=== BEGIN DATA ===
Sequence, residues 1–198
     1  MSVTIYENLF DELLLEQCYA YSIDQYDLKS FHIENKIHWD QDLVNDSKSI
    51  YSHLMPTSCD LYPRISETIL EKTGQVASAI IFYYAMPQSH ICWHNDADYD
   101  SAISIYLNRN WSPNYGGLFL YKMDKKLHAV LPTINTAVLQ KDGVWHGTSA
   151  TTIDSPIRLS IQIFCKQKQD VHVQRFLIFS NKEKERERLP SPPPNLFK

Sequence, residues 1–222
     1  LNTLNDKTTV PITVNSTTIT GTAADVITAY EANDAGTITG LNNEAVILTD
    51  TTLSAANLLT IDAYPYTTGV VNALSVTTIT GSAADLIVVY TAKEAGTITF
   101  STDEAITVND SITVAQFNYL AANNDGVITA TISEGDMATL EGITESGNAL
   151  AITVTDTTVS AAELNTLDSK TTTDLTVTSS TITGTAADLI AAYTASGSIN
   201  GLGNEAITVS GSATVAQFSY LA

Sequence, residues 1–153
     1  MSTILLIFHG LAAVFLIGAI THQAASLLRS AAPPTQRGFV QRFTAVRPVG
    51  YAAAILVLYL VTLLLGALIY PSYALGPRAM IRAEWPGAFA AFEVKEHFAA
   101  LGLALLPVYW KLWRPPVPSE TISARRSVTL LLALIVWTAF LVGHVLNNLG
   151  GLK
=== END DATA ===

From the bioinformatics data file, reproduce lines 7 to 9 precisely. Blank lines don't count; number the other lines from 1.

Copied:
     1  LNTLNDKTTV PITVNSTTIT GTAADVITAY EANDAGTITG LNNEAVILTD
    51  TTLSAANLLT IDAYPYTTGV VNALSVTTIT GSAADLIVVY TAKEAGTITF
   101  STDEAITVND SITVAQFNYL AANNDGVITA TISEGDMATL EGITESGNAL